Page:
provide neural bases for the differential development of male and female brains to support better hand than arm performance in women and the reverse in men. Studies with monkeys (Lawrence and Kuypers, 1968a; 1968b) have demonstrated that the neural mechanisms for distal and proximal muscle control are distinct. The distal (hand) muscles are controlled by the primary motor cortex via two dorsolateral corticospinal tracts whereas the proximal (arm) muscles are controlled by the primary motor cortex via two ventromedial corticospinal tracts. Our current behavioral findings point to the potential existence of sex differences in those dorsolateral and ventromedial motor systems. Of course, other sexdimorphic brain mechanisms may also contribute to male/ female differences in motor performance. For example, there is evidence that motor skills are more disrupted in men by lesions to the posterior cerebral cortex whereas in women anterior cortical lesions are more disruptive (Kimura, 1977, 1983). It was suggested that the posterior cortex is particularly important in men for the integration of visual and motor systems that would allow superior performance of tasks such as targeted throwing directed into extrapersonal space. However, our tracking task was performed in peripersonal space, thus holding spatial location constant, so the present data point specifically to sex differences in the dorsolateral and ventromedial pathways, and their associated cortical areas, that exercise distal and proximal muscle control. Correlations between tracking and established sexdimorphic tasks In Study 2 we also replicated the reported sex differences for three motor and two nonmotor tasks. These tasks were included because we were interested in possible correlations between tracking scores and performance on sexdimorphic tasks. In each case we found that the femalefavoring Hand tracking correlated positively with the other femalefavoring tasks but negatively with the malefavoring ones whereas for the male favoring Arm tracking correlations were positive with the other malefavoring tasks and negative with the femalefavoring ones (Table 1). However, given the marked sex differences recorded for each of the tasks it is not surprising that significant correlations were found for all comparisons using the combined male and female data because, for any one task, female scores will tend to be high and male scores low or vice versa. Consequently, of greater note is the within sex finding that for men there was a significant correlation between Arm tracking and performance on the Mental Rotations, a nonmotor cognitive task. This finding suggests that the same or related events are responsible for the development of complementary sex differences in the motor and cognitive systems, although the absence of similar correlations between tracking and the other tasks is puzzling (see final paragraph of Study 2, Results and discussion).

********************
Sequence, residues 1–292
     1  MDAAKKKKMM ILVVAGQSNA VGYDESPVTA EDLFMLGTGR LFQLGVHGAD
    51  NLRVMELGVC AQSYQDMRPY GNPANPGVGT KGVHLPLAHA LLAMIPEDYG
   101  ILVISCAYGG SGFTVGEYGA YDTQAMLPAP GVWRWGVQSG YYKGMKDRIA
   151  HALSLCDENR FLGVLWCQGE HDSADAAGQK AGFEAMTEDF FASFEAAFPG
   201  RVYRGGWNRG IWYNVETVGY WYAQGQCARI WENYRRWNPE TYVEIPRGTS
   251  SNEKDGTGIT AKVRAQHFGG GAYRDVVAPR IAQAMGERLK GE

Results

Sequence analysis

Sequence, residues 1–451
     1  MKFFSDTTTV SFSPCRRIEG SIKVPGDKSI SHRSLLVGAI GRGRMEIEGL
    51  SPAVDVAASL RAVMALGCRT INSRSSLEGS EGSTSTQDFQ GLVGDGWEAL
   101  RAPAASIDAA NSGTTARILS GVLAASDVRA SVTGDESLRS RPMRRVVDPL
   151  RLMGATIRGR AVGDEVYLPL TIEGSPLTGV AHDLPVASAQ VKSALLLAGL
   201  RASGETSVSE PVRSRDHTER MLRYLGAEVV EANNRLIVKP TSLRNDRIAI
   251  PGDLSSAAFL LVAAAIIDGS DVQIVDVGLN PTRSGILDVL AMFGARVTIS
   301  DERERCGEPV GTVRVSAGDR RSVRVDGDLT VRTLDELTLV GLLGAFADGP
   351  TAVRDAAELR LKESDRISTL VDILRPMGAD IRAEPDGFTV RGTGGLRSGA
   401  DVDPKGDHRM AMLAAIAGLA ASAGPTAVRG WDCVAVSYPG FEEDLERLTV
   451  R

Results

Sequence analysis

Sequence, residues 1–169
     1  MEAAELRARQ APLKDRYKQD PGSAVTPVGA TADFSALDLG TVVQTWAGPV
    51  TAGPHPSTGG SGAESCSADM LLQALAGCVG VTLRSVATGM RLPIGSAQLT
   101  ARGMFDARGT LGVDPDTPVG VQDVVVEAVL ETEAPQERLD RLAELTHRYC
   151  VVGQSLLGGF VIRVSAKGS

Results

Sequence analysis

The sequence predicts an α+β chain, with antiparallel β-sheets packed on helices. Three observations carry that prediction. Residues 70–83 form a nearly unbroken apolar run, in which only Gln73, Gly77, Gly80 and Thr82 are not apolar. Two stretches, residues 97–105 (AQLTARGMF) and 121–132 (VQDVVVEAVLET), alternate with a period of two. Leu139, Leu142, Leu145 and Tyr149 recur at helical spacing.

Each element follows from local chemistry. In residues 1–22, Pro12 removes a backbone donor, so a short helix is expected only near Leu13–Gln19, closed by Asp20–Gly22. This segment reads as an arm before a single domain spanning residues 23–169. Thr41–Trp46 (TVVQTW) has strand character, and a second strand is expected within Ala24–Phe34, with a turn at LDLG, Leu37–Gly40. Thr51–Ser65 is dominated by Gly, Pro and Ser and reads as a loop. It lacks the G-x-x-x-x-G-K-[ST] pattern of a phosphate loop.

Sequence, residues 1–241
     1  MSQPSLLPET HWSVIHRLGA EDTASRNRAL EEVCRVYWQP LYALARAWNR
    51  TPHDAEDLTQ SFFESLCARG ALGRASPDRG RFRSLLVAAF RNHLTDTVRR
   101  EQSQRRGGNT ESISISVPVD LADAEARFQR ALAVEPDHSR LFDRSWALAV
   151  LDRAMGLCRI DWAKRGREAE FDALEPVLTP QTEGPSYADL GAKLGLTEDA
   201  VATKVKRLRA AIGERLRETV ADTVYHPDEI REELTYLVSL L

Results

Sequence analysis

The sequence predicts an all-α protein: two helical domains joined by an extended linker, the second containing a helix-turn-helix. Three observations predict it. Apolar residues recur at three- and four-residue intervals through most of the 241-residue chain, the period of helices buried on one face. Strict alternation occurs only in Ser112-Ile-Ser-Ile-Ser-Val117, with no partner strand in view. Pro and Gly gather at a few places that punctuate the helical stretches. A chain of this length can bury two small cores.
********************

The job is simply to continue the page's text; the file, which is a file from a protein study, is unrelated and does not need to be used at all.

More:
Implications for the huntergatherer hypothesis The huntergatherer hypothesis (Silverman and Eals, 1992) points to an evolutionary selection for huntingrelated skills in men and gathering–related skills in women. In addition, men would have been the primary defenders and women the primary carers. Hunting and defending would require, among other things, skilled use of the proximal, arm and shoulder, muscles for targeted throwing and for striking powerful blows
Evolutionary Psychology – ISSN 14747049 – Volume 5(3). 2007 663